This article is part of our series on The Hookup Culture. Read more articles in the series by following the links at the end of this article.
The summer between freshman and sophomore year is the first time it becomes acceptable to have sex. I don’t know why sophomore year is the time; it’s more of a tacit understanding. Your 15-year-old teen and their best friends are gearing up for it, whether you like it or not.
It isn’t necessarily that they want to have sex or even know what it entails; they just revel in the thought that this summer, they are officially free from being “good.”
We didn’t even know what sex is. We’d heard our Sex Ed teachers tiptoe around it, and we’d seen the pretty versions of it in The Notebook and Gossip Girl.
To me, the whole thing was like eating my first Big Mac or getting a new dress. I sort of just pictured myself submitting my V-card to the nice lady at the front desk at Disneyland. She’d take it and say, “Congratulations! It’s your right to experiment with your body. Heeeeeerrreee weeeee gooooo!!!” Cue the fireworks, images of Rachel McAdams and Ryan Gosling still in love the next day, and that first ride on Space Mountain was done.
But then, one day, it almost sort of happened, and it wasn’t like that. Nevertheless, I called my best friend screaming with glee. Because that’s what you do after losing your virginity.
“Are you okay?” she asked.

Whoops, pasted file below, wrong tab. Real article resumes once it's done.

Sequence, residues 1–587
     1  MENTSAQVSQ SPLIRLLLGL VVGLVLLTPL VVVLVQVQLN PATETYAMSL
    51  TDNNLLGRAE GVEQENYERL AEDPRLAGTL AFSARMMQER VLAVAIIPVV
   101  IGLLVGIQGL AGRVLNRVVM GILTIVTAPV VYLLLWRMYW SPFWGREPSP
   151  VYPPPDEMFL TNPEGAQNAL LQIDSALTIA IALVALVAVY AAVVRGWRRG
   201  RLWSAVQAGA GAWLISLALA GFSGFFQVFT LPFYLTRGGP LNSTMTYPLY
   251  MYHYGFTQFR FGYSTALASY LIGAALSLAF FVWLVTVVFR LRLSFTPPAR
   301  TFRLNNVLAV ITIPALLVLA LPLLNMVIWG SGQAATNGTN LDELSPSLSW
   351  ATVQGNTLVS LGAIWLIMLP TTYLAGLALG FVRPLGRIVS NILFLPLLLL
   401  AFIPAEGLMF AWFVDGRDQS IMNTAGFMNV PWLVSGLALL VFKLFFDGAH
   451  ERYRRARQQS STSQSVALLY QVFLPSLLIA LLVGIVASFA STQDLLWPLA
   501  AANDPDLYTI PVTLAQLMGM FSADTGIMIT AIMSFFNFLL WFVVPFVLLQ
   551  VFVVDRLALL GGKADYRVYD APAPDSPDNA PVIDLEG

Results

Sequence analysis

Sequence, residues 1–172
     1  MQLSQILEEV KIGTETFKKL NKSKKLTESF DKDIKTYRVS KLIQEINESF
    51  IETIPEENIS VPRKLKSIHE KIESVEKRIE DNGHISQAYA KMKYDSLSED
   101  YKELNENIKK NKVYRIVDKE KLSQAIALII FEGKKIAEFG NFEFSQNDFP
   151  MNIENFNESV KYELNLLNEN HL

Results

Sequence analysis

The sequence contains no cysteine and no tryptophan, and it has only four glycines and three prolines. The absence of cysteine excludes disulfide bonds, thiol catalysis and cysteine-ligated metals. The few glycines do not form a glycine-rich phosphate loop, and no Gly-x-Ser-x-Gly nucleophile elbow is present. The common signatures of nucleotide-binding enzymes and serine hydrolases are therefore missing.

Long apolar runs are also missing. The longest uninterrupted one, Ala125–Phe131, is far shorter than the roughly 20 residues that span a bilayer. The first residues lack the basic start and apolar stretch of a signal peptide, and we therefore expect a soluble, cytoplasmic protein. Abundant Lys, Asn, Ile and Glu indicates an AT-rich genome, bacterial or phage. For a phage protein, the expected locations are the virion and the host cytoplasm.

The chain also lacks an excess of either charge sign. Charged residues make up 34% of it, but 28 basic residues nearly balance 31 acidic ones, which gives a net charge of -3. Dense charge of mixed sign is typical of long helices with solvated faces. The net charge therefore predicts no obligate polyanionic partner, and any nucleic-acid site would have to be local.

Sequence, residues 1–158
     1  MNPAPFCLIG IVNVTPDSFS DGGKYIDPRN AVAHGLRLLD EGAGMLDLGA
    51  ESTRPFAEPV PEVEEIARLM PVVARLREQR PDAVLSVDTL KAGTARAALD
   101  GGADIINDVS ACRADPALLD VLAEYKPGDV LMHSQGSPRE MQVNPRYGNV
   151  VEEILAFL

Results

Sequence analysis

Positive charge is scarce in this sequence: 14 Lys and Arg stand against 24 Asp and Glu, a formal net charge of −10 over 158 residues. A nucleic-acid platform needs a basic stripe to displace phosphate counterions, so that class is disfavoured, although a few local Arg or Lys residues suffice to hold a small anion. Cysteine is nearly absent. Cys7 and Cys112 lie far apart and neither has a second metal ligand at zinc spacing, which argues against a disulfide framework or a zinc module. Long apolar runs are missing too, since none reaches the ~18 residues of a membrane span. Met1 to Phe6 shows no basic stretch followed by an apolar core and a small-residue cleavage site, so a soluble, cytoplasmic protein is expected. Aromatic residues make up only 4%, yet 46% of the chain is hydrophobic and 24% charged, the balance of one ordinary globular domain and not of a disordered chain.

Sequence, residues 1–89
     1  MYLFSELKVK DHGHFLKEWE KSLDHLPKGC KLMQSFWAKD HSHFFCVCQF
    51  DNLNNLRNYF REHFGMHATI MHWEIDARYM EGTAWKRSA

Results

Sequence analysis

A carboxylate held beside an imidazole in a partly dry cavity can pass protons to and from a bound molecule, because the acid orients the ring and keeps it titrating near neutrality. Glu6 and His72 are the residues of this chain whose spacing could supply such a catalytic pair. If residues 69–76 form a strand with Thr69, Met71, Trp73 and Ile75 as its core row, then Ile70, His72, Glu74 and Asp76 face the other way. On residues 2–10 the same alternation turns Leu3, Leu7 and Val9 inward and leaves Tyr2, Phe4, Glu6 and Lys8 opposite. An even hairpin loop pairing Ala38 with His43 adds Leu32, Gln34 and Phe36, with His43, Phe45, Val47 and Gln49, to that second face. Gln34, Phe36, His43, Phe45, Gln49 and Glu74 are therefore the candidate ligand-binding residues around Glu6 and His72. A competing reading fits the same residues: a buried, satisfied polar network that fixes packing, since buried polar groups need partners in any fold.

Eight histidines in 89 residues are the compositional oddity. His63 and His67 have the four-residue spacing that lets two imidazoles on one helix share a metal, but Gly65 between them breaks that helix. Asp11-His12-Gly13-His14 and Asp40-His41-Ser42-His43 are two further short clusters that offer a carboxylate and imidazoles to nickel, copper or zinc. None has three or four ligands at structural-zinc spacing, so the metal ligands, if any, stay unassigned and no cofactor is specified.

“Yes!” I said. But I wasn’t okay. I wanted it back.
I wanted those seven minutes of my life back. Alright, four minutes. I could have read a magazine. I could have painted my nails. I could have stared at the ceiling. I could have dribbled a ball. ANYTHING. BUT. THAT.
I wasn’t able to acknowledge how hurt I was until a year later. It was the wrong everything. It sucked.
But, I was free now. There was power in saying, “No,” when someone asked me if I was a virgin. It was anti-society. It was everything that they tell you not to be as a teen girl. It was feminism, right?
It was pain and regret and really hard to explain. I felt little or no empowerment.
Some teen girls experience it; they go out with three different people per weekend, and it’s real for them. They fully use their sophomore year privilege and feel great about it. I am different from them.
So, here are my questions:
Why do teenagers, especially teen girls, feel we need to be sexually liberated or even liberated at all? Where is the line between a virgin and a whore, and why doesn’t that line exist for boys? Lastly, why does anyone else care what I do with my body?